Unfortunately, it is the off-season for KC fans, but in all reality, soccer never stops. There is always another match looming over the horizon, that we as fans of Sporting and the United States can look forward to while eagerly awaiting another year of MLS play. We've talked a great deal about how lucky we are to be fans of this organization in Kansas City, so I'll take some time to tell you about a team that gave fans the direct opposite feeling just seventeen months ago.
France is the second largest nation in football crazed Europe. With so many people to choose from, one would assume their status as a world power would have come earlier. They had some success on the world stage, placing third in 1958. But they did not win a major tournament until 1984, winning the European Championship through the play of now-UEFA President Michel Platini.
France in my mind is defined by two moments, or more particularly a man and a moment. First, I think of the 1998 squad. While home-soil wins in the World Cup always strike me as aberrations, there was no denying the greatness that existed in that France squad. None of the World Cups in my lifetime have ended as improbably as their victory over Brazil in 1998. Despite the controversy surrounding Brazil's star Ronaldo, France dominated the game's set pieces and Zinedine Zidane became the legend that we remember him as, despite his infamous exit from the world stage in 2006. Zidane was France for the next eight years. His form brought them a European Championship in 2000, an injury doomed them in 2002, his poor form showed in 2004. In 2006, he made one last push for glory, almost pushing France single-handedly to the brink of another World Cup victory, but ultimately derailed by a ill-advised reaction no matter what was said beforehand.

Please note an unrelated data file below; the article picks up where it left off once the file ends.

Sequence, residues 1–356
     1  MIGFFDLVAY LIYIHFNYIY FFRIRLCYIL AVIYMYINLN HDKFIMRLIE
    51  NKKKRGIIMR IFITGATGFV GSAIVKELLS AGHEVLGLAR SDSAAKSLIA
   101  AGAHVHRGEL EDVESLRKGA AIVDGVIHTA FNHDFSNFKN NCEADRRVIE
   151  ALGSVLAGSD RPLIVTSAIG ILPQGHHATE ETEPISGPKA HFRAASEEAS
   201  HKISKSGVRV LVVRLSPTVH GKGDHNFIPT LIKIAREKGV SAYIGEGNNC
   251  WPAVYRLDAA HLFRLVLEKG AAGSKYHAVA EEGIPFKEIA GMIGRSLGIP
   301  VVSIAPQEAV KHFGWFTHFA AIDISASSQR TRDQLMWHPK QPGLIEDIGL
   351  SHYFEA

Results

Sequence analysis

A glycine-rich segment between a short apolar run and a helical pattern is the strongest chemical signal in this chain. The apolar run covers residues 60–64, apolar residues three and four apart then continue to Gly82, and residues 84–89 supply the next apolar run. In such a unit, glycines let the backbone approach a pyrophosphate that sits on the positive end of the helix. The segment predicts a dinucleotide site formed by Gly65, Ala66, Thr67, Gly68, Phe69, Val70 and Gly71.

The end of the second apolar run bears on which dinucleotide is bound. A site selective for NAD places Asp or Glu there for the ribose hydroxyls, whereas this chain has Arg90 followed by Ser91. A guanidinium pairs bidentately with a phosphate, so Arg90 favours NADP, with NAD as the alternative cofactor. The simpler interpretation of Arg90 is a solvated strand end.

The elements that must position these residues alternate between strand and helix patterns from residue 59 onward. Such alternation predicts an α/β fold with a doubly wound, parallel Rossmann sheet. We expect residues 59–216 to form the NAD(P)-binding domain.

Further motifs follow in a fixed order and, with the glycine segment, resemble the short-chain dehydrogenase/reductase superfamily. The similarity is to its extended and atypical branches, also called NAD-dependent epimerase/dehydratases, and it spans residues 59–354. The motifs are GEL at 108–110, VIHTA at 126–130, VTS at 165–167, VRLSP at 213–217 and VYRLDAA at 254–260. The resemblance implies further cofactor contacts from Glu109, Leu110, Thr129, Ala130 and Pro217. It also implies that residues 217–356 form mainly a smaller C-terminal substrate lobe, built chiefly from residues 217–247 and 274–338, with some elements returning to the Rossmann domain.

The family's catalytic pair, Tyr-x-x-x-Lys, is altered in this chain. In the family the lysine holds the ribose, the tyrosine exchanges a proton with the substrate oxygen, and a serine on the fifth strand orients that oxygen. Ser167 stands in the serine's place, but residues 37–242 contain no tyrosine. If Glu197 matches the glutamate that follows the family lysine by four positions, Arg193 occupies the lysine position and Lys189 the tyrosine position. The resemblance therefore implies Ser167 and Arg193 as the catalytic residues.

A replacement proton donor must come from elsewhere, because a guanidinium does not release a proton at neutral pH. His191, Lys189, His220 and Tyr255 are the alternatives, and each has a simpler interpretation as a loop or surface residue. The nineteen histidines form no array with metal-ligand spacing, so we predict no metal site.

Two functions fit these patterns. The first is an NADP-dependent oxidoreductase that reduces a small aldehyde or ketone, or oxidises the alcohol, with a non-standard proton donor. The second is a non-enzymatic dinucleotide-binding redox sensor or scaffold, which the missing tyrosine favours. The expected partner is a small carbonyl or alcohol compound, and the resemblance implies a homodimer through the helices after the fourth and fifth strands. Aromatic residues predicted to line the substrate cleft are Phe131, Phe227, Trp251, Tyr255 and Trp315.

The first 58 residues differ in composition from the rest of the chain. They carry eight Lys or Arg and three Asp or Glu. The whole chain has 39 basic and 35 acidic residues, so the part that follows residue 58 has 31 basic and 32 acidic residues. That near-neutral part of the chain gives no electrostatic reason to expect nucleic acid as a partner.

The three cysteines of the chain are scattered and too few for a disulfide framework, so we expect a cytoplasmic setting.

Secondly, I think of the 2010 World Cup, and to even say France showed up would be a strong term. As US fans we know how well second term coaches work, Arena's teams looked flat in 2006 and Bradley was fired before we could figure out how his second World Cup would play out. For some reason, the International game almost demands that new ideas are injected before each Cup. Even when managers are held over, they must find ways to innovate and/or change their squad. Germany is the best example of a team of determined veterans, successfully transferring into a team of youthful verve. France and Italy were the best example of what four years of aging can do to the best squads in the world. Needless to say, Raymond Domenech couldn't control the egos of his players, nor design a gameplan to fully utilize their skill. I would also argue that you can't build your team around aging strikers and one great winger. This conclusion from Zonal Marking is probably the most succinct description of France's problem.